The Opening of the Calvinistic Mind

I walked around dazed for quite a few years, starting in the 1970s.  It all related to a series of changes God brought into my life.  Step one, salvation.  From being a nominal Christian in a small town church, I came to realize the personal, real aspects of Christianity.  I didn’t know terms like justification and sanctification, but God did the first and was doing (and continues to do) the second. 

Somewhere in the process, I was stunned by the beauty and order of theology.  Before that, I wasn’t sure what the word theology meant, but it did not have good connotations.  Then I started reading men who loved God and who combed through God’s Word continually because they wanted to see how the parts fit the whole.  The study of theology unlocked the Bible for me.  The Apostles’ Creed suddenly made sense, and I realized that God speaks authoritatively through His Word.  (As Schaeffer’s title says, He is There and He is not Silent.)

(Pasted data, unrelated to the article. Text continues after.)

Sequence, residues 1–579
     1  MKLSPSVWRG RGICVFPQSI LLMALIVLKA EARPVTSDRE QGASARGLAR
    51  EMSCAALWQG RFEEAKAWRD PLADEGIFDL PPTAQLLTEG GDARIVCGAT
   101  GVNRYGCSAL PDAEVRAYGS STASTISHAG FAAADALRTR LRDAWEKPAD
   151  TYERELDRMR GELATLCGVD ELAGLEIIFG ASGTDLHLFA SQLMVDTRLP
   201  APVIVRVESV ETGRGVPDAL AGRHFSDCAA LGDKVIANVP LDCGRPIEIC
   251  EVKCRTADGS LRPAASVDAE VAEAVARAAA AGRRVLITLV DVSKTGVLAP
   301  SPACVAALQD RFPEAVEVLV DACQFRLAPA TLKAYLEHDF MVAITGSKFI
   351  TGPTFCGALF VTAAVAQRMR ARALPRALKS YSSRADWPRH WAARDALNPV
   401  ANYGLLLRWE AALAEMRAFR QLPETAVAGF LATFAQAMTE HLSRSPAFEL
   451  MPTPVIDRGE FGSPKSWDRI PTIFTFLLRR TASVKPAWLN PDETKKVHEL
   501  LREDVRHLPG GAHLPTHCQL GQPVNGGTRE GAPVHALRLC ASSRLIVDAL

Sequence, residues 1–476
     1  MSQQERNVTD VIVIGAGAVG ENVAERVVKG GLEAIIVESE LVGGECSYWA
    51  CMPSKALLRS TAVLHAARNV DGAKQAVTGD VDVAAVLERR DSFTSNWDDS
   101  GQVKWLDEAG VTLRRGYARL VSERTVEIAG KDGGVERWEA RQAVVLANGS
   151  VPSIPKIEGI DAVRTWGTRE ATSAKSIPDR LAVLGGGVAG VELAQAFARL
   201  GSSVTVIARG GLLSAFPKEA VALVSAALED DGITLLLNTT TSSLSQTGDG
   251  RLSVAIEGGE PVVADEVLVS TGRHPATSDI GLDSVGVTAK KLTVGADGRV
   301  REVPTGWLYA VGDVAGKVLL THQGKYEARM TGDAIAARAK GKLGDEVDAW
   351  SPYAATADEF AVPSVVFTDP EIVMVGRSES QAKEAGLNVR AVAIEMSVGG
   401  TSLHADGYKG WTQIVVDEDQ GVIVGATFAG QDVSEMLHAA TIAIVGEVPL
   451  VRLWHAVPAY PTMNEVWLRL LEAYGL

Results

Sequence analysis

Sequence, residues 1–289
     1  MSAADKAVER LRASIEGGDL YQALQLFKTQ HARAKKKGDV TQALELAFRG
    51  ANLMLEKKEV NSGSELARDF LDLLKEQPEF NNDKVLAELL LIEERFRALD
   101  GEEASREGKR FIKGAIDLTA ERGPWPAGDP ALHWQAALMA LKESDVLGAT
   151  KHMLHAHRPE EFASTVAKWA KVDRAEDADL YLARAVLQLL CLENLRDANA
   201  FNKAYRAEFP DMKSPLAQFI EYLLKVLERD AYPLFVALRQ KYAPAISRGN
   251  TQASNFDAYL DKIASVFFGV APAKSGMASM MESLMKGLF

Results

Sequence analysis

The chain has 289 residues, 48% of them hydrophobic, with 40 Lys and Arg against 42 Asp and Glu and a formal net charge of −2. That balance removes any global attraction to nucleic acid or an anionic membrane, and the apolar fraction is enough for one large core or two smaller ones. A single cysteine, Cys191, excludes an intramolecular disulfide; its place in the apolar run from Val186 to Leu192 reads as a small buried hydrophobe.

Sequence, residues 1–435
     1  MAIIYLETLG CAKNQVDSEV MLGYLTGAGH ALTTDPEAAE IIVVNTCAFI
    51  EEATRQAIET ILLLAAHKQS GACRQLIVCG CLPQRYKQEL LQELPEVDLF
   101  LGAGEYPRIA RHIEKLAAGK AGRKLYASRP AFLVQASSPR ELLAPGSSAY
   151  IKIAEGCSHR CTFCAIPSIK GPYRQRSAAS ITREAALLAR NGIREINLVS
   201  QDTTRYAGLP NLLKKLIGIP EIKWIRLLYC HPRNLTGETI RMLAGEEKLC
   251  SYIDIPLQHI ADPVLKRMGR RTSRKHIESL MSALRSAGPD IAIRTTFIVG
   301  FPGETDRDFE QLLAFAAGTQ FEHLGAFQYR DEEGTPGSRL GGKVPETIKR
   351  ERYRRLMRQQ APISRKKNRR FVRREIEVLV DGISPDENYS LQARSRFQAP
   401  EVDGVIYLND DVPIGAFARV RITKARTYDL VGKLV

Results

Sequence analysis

In this same progression of events, I began hearing of something called “a Christian worldview.”  I was a history major in college, and I was a Christian, but I did not have a Christian worldview.  I would have assumed that a Christian view of history meant studying the history of churches.  But the idea of a Christian Worldview stunned me.  It was a call to take “every thought captive” to the claims of Christ; it applied the Faith to all areas of life and thought; it emphasized that we are to love God with all our mind, as well as heart, soul, and strength.  The Christian Worldview tied my love of words with my increasing love of God’s Word.